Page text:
“Become part of the daily diet.”
This is something we say a lot but frankly we haven’t done very well. And I think Mashable is probably the company that can deliver on that. You probably have six or seven emails...that you open up every morning. Those are your go-to emails. That’s part of your daily diet. And for me, Mashable is part of my daily diet. It has been forever. I’ve been using Mashable forever—quite a long time, I’ve known Pete [Cashmore] for quite a long time. I think we can do more to be part of that daily diet. The amount of content and subjects that we cover—frankly, I want Mashable to not just give me the content; I want you to tell me what’s important. I get this morning email from CNN, and they have 1 through 5—these are the stories, in order, that we believe are important for you. I trust CNN to tell me that. I trust Mashable to tell me that, too. I trust Mashable to curate the internet for me.
“Fish where the fish are.”
Pretty simple statement, but it’s another way of saying let’s be smart, let’s use data. Yes, I’m a fan of sometimes just saying, Screw it, let’s go try it and throw it up against it. But a lot of times there’s no reasons to take leaps of faith. We have a lot of information. And you guys use data exceptionally well, with the social signals and everything else that comes out of [internal data analysis tool] Velocity. Let’s just make sure we’re fishing where the fish are, right—that we use the sonar.
“Ready, aim, fire. Don’t fire, ready, aim.”
That’s a big one, for me. I think that stands for itself.
“Don’t admire the problem.”
Probably the most annoying thing is when you get into a room, and there’s an issue, and you just realize you spent the last 45 minutes still complaining or bullshitting about the issue. That’s admiring the problem. Someone needs to say something: but this, but that....you just waste so much time. And frankly, it’s frustrating. It sucks to be in that room. Don’t be in that room.
“Audience growth across all platforms.”
You guys have done this. You’ve done this well. At some of our other business, like IGN—dot com and on the app—growth has not exactly been where I want it to be. A lot of times the reply is, Well, because of Snapchat, because of Facebook, because of...And my eloquent response is, Bullshit. We should grow everywhere. If we’re not growing in one of our channels, then we’re just not thinking about it hard enough. We’re not running enough plays.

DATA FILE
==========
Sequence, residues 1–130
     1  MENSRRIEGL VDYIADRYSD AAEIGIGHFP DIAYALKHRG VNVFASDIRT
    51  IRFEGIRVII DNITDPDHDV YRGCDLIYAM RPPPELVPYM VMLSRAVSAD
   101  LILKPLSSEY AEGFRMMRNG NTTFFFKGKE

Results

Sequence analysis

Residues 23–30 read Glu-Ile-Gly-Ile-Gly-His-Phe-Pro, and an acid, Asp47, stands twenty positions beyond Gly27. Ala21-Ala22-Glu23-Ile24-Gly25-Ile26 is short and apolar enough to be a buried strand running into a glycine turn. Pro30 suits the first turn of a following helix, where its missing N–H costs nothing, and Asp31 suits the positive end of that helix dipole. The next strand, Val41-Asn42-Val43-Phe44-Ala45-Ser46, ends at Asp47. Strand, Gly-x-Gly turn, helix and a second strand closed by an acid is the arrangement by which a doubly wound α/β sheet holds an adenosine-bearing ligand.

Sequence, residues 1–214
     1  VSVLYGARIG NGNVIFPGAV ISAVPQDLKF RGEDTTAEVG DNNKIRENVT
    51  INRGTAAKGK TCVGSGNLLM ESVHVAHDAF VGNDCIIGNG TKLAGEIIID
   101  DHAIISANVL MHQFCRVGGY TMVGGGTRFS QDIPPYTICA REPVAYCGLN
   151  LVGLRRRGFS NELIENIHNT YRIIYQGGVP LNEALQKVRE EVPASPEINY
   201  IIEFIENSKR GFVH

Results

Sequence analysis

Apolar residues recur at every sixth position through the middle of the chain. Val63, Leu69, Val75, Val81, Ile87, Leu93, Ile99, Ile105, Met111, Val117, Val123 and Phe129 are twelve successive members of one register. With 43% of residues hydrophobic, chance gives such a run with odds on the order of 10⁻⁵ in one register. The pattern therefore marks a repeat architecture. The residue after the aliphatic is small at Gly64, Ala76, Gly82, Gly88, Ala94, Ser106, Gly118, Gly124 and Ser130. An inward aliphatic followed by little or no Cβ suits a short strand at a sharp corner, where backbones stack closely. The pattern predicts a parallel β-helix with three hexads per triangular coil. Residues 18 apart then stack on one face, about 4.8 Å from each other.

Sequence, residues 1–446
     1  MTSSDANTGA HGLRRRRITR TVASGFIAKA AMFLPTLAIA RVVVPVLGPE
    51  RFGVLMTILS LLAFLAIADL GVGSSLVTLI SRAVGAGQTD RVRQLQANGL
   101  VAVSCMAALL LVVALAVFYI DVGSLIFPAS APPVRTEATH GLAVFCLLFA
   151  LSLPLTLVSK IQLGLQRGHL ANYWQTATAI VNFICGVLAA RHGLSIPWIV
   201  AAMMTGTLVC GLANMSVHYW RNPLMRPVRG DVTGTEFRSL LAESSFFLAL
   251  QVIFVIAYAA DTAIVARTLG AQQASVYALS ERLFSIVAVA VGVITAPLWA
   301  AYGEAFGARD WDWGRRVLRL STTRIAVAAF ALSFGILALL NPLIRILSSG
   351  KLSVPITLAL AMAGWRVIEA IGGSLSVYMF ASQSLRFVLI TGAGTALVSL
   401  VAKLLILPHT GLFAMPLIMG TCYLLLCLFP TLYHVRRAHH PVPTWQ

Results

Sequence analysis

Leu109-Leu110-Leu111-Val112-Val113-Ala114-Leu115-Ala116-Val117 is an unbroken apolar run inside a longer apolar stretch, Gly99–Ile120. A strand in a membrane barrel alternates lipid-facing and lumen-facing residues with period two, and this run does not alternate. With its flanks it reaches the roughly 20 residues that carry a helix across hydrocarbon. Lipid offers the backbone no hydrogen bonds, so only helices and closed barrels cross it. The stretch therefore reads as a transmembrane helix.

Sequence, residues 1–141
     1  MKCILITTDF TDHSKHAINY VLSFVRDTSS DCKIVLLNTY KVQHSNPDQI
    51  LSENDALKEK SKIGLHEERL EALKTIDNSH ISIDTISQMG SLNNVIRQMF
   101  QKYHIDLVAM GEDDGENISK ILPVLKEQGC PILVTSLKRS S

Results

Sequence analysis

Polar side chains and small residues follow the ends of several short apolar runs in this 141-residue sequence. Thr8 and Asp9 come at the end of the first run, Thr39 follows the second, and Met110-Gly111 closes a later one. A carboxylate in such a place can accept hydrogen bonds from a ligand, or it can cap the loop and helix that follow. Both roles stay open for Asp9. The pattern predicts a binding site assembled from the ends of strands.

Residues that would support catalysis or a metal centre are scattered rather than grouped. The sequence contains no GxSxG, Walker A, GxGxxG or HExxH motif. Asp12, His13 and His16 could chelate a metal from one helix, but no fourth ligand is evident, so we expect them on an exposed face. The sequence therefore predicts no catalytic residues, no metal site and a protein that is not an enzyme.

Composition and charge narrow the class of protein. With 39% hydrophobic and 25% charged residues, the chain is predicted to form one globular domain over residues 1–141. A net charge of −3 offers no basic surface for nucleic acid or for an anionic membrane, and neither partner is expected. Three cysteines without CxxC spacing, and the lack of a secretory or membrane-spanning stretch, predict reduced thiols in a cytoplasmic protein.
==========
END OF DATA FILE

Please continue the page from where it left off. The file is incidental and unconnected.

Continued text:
“Coke or Pepsi, not Shasta or Tab.”
Just try and spend your time on the bigger things vs. some of the smaller things. We all have the minutia of our jobs and all have a lot of BS that we have to deal with. But in the end, when you’re looking at what you’re doing: Do you want to be in the No. 1 or No 2. position? When we look at categories, and we looked at Everyday Health, there were a lot of other health things. But they were Pepsi to WebMD’s Coke. We could have bought WebMD. That was way too expensive. We liked the value of Pepsi more than Coke. You guys are a Coke brand. Never forget that. Let’s make sure that we’re doing everything we can to stay at that level and not get down into Tab village.
Very, very important thing. We believe in profitability. We believe in margins—and a portfolio approach. Not everything can always be that way. But in a portfolio approach—and as you guys are looking through things, whether it’s video, whether it’s events, whether it’s what type of content strategies do we want to do—what we need to keep in mind how is that going to flow through revenue down to margin, so we can turn around and invest that capital back on up. So, I’m going to leave you on that.